The administration at Louisiana State University removed a professor from the classroom for grading too harshly. Evidently, Professor Homberger gives tough multiple choice exams that aren’t curved, the logic being that “students must achieve mastery of the subject matter, not just achieve more mastery than the worst students in the course.”

I’m sympathetic to her.  Why give a student a decent grade if s/he doesn’t know what’s going on?

But, on the first exam she flunked 90% of the class, and enough of the students whined and moaned that the administration gave her the hook.

I’m sympathetic to the students. About the harsh grading, not the whining.

The irony is that her tough standards seemed to be having a positive effect: “[Homberger] said that her tough policy was already having an impact, and that the grades on her second test were much higher (she was removed from teaching right after she gave that exam), and that quiz scores were up sharply. Students got the message from her first test, and were working harder, she said.”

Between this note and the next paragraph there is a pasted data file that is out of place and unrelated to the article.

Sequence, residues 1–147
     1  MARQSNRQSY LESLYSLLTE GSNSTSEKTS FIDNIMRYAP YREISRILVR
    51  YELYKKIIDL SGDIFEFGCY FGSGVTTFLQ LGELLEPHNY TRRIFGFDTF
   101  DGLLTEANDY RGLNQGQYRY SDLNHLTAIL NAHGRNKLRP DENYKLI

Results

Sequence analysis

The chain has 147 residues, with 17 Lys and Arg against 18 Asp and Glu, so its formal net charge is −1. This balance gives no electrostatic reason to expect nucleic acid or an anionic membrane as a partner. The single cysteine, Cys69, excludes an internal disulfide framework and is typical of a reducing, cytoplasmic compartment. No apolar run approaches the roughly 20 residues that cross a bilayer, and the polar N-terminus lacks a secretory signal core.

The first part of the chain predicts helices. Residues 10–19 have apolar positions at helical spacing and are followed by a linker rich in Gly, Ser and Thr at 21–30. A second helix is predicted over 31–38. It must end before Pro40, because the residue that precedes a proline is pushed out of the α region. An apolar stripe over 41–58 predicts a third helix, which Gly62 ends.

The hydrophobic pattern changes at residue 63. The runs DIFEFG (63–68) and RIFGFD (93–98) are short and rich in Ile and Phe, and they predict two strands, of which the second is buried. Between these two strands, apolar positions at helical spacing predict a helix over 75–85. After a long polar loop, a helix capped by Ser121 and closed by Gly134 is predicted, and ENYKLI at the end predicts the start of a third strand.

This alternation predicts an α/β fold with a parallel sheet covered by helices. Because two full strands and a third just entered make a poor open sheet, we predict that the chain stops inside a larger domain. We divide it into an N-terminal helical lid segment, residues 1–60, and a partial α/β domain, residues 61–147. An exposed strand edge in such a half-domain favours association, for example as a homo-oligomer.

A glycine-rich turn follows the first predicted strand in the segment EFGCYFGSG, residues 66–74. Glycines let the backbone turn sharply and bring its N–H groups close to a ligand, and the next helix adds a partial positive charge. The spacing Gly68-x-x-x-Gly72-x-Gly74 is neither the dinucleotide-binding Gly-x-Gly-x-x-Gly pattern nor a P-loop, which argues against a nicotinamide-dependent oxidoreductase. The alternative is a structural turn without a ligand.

I think she might be on to something.  Incentives matter, as they say. And we’ve seen before,  students do seem to work harder when they aren’t handed high grades.

Fortunately for her, she’s tenured and probably would get a nice fat settlement if push came to shove here. Of course, if she wasn’t tenured, she might think twice before busting out the big red pen.